Google Jigsaw project has created a number of initiatives to analyse the use of search terms and tracking to be able to subtly present deradicalising information. The goal is to provide people with the truth not just propaganda so that they get the full facts before it is too late.
The below video shows an insight into some of the work of project Jigsaw in subtly presenting ads to people that are seeking hardline material.
Dealing with harassment
Why are people so mean on the internet? Is it because of a feeling of anonymity? Nothing poisons an online discussion more than threats and bullying. Machine learning can be used to flag to a moderator when a comment is potentially not appropriate. The Perspective API allows sites that use comments and discussion threads to provide some feedback on the toxcity of a particular comment.
But what about sexual harassment or other forms of abuse that people are too frightened to report. Thankfully there are tech entrepreneurs that are working on this using AI.
Vault platform – Founded by Neta Meldav that uses a block-chain powered app to help encourage individuals to speak up. It is time-stamped report that is tamper-proof and can be used as evidence on a users phone.
Spot – Which uses AI to help people put in writing evidence of the harassment using the best police interview techniques. It aims to get around the problem of people feeling judged and what might happen as a result of reporting the offence.
“individuals can feel safe and anonymous and have control over the information they provide”.Dr Julia Shaw, Spot founder.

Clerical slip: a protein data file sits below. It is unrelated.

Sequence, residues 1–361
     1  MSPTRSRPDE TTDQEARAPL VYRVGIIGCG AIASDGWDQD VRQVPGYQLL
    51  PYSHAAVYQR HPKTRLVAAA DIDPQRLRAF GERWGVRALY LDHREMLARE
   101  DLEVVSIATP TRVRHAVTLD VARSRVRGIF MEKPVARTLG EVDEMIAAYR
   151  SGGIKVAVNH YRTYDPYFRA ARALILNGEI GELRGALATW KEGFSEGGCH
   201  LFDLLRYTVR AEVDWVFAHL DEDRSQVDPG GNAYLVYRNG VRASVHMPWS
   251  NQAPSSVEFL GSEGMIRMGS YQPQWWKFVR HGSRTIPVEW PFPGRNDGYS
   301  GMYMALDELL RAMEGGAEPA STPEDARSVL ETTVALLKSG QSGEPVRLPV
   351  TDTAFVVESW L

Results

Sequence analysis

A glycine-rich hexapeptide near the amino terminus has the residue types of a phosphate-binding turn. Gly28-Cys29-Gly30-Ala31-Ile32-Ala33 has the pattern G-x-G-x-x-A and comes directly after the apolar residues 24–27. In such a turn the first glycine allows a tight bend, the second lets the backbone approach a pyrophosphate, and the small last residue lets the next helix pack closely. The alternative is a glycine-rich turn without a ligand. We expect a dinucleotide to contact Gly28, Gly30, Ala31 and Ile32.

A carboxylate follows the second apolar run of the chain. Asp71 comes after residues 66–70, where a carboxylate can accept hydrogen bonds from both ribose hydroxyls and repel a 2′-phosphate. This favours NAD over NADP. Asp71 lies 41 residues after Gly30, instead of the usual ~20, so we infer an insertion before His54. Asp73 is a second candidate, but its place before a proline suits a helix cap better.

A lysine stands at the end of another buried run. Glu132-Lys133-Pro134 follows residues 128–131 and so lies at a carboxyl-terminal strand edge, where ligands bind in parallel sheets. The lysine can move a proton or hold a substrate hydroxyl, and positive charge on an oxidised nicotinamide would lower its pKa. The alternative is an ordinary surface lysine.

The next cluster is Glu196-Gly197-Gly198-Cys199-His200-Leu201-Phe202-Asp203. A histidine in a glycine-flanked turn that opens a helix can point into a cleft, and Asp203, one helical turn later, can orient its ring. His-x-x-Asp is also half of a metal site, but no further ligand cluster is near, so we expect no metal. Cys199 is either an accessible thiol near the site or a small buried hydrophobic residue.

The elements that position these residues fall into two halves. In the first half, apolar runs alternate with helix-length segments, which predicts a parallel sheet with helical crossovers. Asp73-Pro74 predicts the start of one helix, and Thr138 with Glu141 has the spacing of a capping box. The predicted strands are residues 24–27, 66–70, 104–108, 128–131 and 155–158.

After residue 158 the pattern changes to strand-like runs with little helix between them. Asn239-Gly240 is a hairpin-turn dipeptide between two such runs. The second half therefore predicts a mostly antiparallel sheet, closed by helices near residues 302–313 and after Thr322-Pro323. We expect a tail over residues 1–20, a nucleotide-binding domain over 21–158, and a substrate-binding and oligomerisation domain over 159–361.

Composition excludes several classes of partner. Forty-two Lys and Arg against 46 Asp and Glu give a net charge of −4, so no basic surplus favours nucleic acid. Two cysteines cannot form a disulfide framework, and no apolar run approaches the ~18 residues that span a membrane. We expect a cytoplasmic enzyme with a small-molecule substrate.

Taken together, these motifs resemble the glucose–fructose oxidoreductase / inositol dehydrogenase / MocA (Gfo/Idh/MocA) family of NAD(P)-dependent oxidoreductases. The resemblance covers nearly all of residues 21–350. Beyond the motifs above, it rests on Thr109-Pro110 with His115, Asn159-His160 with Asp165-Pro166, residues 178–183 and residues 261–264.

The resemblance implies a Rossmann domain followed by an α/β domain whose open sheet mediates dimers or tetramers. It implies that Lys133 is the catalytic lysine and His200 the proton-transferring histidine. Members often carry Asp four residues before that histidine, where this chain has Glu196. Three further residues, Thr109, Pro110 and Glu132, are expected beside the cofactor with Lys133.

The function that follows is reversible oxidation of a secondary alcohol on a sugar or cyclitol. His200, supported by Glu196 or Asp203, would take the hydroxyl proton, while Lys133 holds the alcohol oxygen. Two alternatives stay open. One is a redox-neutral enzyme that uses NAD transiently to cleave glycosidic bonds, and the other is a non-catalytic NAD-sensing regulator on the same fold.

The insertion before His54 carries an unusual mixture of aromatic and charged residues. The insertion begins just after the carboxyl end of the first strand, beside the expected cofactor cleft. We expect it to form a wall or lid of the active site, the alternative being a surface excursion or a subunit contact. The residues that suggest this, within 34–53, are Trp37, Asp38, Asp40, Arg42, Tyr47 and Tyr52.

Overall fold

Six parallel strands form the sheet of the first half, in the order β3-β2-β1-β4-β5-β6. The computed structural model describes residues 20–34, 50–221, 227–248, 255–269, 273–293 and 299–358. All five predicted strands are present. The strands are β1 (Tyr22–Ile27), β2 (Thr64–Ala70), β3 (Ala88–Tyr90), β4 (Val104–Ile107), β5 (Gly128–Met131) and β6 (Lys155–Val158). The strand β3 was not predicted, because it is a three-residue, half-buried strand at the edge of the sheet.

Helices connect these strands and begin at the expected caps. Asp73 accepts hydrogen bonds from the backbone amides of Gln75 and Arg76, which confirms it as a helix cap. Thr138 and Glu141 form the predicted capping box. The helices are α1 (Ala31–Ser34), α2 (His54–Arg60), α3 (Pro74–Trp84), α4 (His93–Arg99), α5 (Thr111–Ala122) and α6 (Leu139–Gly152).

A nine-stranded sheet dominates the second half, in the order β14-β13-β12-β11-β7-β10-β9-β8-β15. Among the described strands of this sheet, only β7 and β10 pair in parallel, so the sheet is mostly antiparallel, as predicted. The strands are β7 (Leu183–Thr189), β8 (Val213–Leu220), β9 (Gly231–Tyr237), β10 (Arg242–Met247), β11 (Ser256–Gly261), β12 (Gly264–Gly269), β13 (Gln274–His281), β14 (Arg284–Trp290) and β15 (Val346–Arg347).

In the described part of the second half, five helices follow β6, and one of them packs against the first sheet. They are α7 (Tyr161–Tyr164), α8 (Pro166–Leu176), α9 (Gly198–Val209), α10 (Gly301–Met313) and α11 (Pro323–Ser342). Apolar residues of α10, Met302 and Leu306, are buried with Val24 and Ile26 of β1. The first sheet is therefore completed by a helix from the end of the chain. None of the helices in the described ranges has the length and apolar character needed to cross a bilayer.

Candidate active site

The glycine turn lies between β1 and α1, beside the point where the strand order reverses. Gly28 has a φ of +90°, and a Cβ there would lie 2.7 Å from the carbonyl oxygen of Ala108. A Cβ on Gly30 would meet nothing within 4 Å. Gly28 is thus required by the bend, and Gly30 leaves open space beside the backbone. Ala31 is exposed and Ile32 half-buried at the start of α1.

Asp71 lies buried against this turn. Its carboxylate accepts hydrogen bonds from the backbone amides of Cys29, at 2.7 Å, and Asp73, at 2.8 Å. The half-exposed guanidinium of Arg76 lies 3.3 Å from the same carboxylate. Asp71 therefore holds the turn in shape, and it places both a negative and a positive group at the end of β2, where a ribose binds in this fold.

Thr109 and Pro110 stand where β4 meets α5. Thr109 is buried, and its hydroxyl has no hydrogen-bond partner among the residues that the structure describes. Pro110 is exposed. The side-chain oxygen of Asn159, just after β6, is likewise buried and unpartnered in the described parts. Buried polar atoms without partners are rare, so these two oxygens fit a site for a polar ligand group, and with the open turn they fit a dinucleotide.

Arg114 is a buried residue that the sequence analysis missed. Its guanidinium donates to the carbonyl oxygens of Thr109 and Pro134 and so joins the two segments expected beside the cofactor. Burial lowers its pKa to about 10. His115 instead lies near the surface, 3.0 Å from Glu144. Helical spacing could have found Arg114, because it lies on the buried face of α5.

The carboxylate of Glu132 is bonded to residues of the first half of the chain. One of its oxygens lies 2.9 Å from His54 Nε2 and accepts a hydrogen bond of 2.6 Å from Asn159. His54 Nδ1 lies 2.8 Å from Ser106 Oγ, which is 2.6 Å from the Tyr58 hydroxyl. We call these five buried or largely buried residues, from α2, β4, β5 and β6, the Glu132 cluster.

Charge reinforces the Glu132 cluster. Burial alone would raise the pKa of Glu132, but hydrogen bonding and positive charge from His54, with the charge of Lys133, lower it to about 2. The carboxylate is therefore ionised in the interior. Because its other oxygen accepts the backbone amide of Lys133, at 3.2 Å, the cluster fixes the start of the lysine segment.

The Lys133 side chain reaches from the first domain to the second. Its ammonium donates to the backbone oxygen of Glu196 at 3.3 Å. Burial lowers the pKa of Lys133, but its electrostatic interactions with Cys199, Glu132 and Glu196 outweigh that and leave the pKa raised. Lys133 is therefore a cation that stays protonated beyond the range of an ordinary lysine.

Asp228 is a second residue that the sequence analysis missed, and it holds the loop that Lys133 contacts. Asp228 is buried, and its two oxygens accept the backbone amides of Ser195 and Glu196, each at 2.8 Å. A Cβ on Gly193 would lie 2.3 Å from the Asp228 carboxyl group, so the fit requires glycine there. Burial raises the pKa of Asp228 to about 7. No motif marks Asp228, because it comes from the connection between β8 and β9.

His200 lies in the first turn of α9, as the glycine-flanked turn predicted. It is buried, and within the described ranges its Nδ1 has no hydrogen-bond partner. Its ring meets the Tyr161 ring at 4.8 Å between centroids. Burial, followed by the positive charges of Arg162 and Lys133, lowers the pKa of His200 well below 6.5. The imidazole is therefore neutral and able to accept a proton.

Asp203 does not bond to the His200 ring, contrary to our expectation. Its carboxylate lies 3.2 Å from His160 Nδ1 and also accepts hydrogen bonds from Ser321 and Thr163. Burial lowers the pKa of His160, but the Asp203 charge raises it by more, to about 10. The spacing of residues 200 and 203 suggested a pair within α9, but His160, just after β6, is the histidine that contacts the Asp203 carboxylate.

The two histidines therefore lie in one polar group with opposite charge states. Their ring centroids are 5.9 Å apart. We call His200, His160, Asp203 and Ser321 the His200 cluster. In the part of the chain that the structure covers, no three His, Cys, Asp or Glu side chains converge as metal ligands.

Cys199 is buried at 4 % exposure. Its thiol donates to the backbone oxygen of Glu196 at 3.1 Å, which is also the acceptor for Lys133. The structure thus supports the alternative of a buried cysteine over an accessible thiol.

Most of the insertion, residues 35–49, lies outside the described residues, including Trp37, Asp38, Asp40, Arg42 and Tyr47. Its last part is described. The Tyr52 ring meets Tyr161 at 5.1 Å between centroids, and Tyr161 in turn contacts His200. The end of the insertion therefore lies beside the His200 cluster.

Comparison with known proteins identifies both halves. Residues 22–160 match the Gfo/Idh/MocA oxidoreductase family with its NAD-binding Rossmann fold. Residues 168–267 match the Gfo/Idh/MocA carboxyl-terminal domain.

Working towards a safer online world
Whilst the internet is undoubtedly a force for good, we have access to so much more information, we can communicate with the whole world. But human nature is fundamentally imperfect and we end up hurting each other whether intentionally or accidentally. There needs to be a check and balance in all the technology that we use to keep the bad guys and the worse of humanity in check.
Everyone has a responsibility to hold themselves accountable for how they use technology. There is an underlying problem right here to do with privacy and the right to be left alone. On one hand, we can say we have nothing to hide so what’s the harm on the other do we really understand the value of what we are giving away?
We need to challenge the tech giant who is using persuasive tactics combined with a deep understanding of our online persona to sell their wares. Or the internet troll who is sowing hate out of spite. Or the political party or government seeking to manipulate and coerce a population to an outcome that benefits a minority.
It is good to see these initiatives to provide check and balance. But fundamentally these questions need to be answered by every individual and understand the moral and ethical decisions we take every day.
What are your thoughts how should technology be used to provide the check and balance are big tech acting like the nanny state or are they a force for good?